Satan Factor: I suppose the Green Knight is sort of a satanic figure. He’s a mysterious supernatural dude who comes out of nowhere to challenge a mortal to an unfair game of life and death. There’s also an evil witch.

Ninja Factor: Uh … there’s swordplay. Oh! And a black knight. That's sort of ninja-like.

Boob Factor: Sadly, the only flesh on display in this movie is Miles O’Keefe’s ripped abs and chest.

‘80s Factor: It’s a medieval period piece, but it does have some rad low-budget ‘80s special effects.

Pageboy Haircut Factor: As Jem would say, this factor is so high it’s totally outrageous!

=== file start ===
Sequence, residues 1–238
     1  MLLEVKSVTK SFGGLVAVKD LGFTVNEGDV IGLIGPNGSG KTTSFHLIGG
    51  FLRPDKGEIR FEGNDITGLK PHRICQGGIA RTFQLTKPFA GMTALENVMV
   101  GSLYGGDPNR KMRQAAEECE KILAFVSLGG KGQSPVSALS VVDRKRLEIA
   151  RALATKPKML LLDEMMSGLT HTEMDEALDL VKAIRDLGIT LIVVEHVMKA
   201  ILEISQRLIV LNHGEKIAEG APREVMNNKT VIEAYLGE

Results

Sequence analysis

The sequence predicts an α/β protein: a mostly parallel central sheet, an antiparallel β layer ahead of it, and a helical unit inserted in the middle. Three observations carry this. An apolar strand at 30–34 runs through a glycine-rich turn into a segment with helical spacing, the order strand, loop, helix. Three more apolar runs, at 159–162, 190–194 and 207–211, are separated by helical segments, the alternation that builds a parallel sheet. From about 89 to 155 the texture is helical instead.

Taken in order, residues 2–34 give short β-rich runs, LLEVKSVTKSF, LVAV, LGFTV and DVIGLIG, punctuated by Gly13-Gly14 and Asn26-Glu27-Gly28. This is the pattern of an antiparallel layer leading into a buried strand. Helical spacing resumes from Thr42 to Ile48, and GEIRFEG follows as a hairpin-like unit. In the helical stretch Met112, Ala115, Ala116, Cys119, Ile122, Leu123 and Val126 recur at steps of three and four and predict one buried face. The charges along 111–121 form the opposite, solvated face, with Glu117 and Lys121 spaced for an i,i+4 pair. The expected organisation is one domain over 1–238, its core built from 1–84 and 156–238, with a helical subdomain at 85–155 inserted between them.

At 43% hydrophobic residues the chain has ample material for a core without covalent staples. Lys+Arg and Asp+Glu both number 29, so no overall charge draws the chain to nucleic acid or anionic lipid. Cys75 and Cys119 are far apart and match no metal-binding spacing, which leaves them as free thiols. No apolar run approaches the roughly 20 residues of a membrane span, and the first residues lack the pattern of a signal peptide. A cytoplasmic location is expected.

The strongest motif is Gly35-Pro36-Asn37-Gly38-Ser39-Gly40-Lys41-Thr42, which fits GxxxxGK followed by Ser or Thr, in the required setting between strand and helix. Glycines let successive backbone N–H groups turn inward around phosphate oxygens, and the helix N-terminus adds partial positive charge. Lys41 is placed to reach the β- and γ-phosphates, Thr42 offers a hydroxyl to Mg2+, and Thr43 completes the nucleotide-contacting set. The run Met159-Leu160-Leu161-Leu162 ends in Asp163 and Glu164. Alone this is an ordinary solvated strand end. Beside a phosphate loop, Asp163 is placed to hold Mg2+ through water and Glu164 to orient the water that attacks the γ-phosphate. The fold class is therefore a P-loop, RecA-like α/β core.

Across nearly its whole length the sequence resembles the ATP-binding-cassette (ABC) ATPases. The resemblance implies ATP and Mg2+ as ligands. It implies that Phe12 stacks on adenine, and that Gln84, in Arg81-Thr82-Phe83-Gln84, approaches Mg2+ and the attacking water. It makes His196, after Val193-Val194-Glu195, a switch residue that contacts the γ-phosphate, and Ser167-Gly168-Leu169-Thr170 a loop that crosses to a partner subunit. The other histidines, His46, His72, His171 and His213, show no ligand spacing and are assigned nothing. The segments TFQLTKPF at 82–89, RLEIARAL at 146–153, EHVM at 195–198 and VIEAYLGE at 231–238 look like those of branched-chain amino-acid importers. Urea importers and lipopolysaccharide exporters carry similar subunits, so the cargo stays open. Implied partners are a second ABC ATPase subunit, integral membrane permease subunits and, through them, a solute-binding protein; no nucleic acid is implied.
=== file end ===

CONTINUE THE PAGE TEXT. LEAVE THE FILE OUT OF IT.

Overall Rating: 3 out of 5 pentastars. (Someday I’ll edit all these to include little pentastar icons, once Jessica gets a chance to make ‘em for me.)

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Movie Review - Sorceress [1982]

Sorceress 1982

As I mentioned in my last movie review, the success of Conan the Barbarian paved the way (in blood!) for a slew of low-budget barbarian movies looking to cash in with muscular heroes, busty babes, scant clothing all around, and cheap sets. Perhaps the first of these to make it out the gate was the Roger Corman produced film Sorceress.